Orenstein had been a successful journalist for years and had published two books before she began working on Waiting for Daisy. But she never felt like a true writer, she said, until she began writing in the first person about her own personal tragedies. She was in
Brownrigg, who is married to Sedge Thomson, the host of the radio show West Coast Live, grew up in
Is it ethical to disguise yourself as a businessman and interview
Can a reporter sign up for a poetry conference, attend without identifying he is a reporter, and write about it for Harper’s Magazine?
Is it okay to spend a year as a prison guard and not tell your colleagues that you want to write about life inside Sing Sing?
These were some of the questions that came up Monday night at a panel discussion put on by the UC Berkeley Graduate School of Journalism. The event was tied to the release of a new book called Submersion Journalism: Reporting in the Radical First Person, a collection of pieces from Harper’s Magazine.
I went because I wanted to hear Ted Conover, the author or numerous first person books, including Newjack, about the year he spent as a corrections officer at Sing Sing prison in
I didn’t get to hear enough about Conover’s techniques or what he is working on now. I did learn, however, that when he was an undergraduate at
There were really two different discussions going on. One involved more general reporting where the journalist is a subject of sorts. Michael Pollan’s attempt to grow opium and his subsequent troubles with the law fall into that category. Pollan also bought a steer cow and followed its life cycle for a story.
The other category involves outright deception or acts of omission. Roger Hodge talked about a story Ken Silverstein did for Harpers where he pretended to want to hire a lobbyist to work for the corrupt government of Turkmenisten. Silverstein wanted to find out how lobbyists manipulate reporters and the government, so he pretended to be part of a fictitious group called the Maldon Group. He set up a website for the group, got a cell phone with a
Some of the best reporting comes from deception but most reporters and papers claim they only use it as a last resort. Cynthia Gorney tried to generate a discussion about the ethical issues around submersion reporting, but the panelists did not disagree. All said they were generally opposed to deception but thought it could be used in certain circumstances.
The panel discussion was only marginally interesting. However, I bought the book and read Silverstein’s article. While I am uncomfortable with the fact that he taped all his conversations with lobbyists (in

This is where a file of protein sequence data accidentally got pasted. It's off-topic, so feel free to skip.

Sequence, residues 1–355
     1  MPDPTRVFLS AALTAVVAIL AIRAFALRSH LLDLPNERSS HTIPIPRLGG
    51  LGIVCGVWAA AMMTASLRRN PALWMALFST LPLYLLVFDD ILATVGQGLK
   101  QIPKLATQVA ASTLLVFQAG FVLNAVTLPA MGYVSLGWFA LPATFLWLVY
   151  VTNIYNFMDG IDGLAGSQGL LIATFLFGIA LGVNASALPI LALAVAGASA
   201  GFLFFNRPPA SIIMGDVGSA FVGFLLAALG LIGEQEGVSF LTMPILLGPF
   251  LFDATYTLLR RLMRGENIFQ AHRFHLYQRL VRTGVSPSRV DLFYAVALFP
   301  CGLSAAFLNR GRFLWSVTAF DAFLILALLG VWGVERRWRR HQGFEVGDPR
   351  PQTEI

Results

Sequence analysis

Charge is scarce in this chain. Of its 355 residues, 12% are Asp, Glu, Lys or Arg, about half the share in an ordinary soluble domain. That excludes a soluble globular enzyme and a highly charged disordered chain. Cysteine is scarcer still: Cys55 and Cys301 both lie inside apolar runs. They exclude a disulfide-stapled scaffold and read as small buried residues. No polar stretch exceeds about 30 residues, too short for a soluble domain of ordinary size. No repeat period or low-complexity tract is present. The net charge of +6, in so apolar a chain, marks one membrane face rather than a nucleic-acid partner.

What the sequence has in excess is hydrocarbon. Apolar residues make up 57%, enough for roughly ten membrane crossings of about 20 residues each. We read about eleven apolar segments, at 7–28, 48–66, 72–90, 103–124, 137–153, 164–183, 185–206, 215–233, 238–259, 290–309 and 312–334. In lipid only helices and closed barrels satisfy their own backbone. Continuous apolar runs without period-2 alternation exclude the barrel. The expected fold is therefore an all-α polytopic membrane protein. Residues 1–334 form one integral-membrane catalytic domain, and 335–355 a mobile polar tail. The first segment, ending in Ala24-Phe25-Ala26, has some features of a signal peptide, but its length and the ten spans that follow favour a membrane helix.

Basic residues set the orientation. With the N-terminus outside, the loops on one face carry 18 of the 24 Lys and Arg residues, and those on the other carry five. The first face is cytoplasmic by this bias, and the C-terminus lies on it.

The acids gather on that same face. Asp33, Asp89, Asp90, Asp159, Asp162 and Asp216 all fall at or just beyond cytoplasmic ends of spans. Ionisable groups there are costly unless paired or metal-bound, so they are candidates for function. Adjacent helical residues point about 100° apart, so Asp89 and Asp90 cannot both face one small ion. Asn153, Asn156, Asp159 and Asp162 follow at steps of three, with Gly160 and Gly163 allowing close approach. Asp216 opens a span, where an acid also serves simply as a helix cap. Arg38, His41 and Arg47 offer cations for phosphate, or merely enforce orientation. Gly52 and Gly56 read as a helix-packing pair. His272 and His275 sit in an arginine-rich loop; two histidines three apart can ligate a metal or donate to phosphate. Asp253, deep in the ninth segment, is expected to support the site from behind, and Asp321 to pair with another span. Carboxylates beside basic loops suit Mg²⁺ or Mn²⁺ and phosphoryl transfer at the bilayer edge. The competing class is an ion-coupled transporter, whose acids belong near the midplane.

There’s so much going on in the Bay Area that I sometimes finish a weekend more exhausted than when I started.
On Saturday, I attended the 20th anniversary benefit luncheon for the Kidney Foundation of Northern California. This is one of the premier author events in the country as it showcases top authors. They get to stand in the front of a huge ballroom at the Hilton Hotel in
There weren’t any fiery politics this time. The authors were Dr. Nancy Snyderman, the NBC doctor and former
Then I skipped over to Geary Street to see artist Judith Belzer's show at the new gallery Room for Painting, Room for Paper. Judith has been painting extreme close-ups of trees, and her work appears both detailed and abstract. They are the kind of paintings one could stare at for hours. The Chronicle profiled Belzer this morning. She is married to Michael Pollan and admits it can be tough to be in his shadow. "I'm really proud of hime and I think he does wonderful work," saids Belzer. "I don't really like being 'Mrs. Michael' that much .... But I pretty much just do my work and try to keep my head down and not get bothered by that."
On Sunday, I went to the Mill Valley Film Festival to see The Betrayal, a new documentary film by Ellen Kuras. The film focuses on the impact of the secret
Then on Sunday night, my family and I caught the closing performance of Yellow Jackets, the Berkeley Rep play about Berkeley High in the 1990s. The play focuses on the school newspaper and the question of whether one of its articles was racist in tone. It was written by Itmar Moses, a former Berkeley High student. All I can say is the more things change, the more they stay the same.